A creative approach to timekeeping
The Spanish are infamous for their poor timekeeping. Those of us who’ve lived here long enough know that ‘I’ll meet you at 8 pm’ actually translates into 8.30 or even 9. It’s simply something you get used to and, if truth be told, it’s nice not to have to rush to appointments. But back in the day when the majority of Madrileños relied on public clocks, things were even more chaotic.
The first clock in Puerta del Sol was mounted on the facade of the Church de Buen Suceso during the 1700s. Though it only showed the hour, it was not very accurate and complaints from the public finally led to a new mechanism being installed in 1848. This too failed to tell the right time and though the church was torn down in 1854, the spendthrift authorities kept the clock and were about to have it mounted on the facade of the Gobernación when it was announced that a new three faced clock was to be commissioned. Though it was a very handsome affair, the timepiece nevertheless failed at its primary function with press reports noting that now people could at least chose the time which suited them as each of the three sides showed a different hour.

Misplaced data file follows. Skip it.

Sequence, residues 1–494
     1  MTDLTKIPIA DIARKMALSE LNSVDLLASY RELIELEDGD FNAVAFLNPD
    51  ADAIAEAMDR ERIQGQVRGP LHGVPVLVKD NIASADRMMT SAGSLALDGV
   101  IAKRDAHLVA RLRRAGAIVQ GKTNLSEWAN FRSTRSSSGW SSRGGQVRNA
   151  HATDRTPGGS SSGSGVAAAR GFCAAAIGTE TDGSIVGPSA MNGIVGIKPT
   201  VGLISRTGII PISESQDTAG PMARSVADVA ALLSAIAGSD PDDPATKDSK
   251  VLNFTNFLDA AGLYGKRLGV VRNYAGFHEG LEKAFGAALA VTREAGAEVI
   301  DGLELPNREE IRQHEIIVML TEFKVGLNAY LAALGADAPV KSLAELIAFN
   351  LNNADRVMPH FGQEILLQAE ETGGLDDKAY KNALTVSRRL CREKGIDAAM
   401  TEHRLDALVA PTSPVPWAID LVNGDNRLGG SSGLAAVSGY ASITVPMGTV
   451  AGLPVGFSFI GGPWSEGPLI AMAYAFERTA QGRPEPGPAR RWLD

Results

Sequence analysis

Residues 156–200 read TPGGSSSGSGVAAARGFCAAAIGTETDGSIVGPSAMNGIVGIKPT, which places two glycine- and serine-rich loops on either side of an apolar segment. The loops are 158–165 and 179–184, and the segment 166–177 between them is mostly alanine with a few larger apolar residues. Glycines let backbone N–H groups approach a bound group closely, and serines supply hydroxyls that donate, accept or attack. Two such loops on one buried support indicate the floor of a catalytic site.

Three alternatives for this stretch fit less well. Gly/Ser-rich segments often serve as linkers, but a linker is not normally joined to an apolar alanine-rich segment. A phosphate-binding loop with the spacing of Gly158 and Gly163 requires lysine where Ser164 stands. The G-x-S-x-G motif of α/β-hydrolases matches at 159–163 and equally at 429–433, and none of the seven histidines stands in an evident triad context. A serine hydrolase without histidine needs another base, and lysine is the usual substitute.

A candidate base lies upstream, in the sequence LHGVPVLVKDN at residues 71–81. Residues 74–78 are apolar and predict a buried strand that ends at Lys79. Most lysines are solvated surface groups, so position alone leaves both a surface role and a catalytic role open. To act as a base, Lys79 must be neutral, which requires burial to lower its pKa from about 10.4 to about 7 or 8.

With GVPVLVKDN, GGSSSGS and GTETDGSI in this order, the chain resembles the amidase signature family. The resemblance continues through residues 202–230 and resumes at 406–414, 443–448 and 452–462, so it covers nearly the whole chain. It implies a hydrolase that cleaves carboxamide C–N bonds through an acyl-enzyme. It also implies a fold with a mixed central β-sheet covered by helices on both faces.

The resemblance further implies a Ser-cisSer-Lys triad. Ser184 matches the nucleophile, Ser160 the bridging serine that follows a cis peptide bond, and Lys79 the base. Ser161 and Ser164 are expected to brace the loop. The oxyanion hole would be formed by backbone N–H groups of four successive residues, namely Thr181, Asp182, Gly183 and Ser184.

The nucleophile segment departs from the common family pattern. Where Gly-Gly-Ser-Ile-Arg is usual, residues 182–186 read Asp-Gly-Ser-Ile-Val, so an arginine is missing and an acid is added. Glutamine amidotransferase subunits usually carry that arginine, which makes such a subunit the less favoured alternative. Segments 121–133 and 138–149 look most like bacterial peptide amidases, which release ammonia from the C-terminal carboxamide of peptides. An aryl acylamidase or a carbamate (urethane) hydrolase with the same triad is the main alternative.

A working timepiece
The joke continued until Spanish horologer José Rodríguez Losada, who ironically had taken on British citizenship and plied his trade in London, saved the day by building a clock that actually worked and donating it to the city in 1866. According to Spanish Wikipedia, the clock continues to tell the right time only losing four seconds each month. On New Year’s Eve each year it appears on TV when, just before the stroke of midnight, its golden ball descends to mark the end of the old year.
Keen to find out more about the history of Madrid? See another side of the city with one of my unique walking tours.